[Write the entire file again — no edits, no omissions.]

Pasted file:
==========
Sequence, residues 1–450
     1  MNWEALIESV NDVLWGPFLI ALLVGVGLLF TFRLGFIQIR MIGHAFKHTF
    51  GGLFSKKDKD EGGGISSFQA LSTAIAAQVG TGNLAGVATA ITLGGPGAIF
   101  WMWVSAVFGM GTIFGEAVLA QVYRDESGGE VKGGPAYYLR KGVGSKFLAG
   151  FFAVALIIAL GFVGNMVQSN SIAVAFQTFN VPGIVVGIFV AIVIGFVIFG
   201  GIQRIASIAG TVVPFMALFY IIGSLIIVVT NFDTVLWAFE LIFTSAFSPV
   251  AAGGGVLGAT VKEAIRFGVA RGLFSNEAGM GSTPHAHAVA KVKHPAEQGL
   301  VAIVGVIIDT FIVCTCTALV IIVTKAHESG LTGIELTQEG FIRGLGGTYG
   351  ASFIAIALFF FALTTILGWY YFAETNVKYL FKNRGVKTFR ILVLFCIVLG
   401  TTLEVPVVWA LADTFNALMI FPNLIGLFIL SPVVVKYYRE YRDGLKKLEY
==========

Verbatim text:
Sequence, residues 1–450
     1  MNWEALIESV NDVLWGPFLI ALLVGVGLLF TFRLGFIQIR MIGHAFKHTF
    51  GGLFSKKDKD EGGGISSFQA LSTAIAAQVG TGNLAGVATA ITLGGPGAIF
   101  WMWVSAVFGM GTIFGEAVLA QVYRDESGGE VKGGPAYYLR KGVGSKFLAG
   151  FFAVALIIAL GFVGNMVQSN SIAVAFQTFN VPGIVVGIFV AIVIGFVIFG
   201  GIQRIASIAG TVVPFMALFY IIGSLIIVVT NFDTVLWAFE LIFTSAFSPV
   251  AAGGGVLGAT VKEAIRFGVA RGLFSNEAGM GSTPHAHAVA KVKHPAEQGL
   301  VAIVGVIIDT FIVCTCTALV IIVTKAHESG LTGIELTQEG FIRGLGGTYG
   351  ASFIAIALFF FALTTILGWY YFAETNVKYL FKNRGVKTFR ILVLFCIVLG
   401  TTLEVPVVWA LADTFNALMI FPNLIGLFIL SPVVVKYYRE YRDGLKKLEY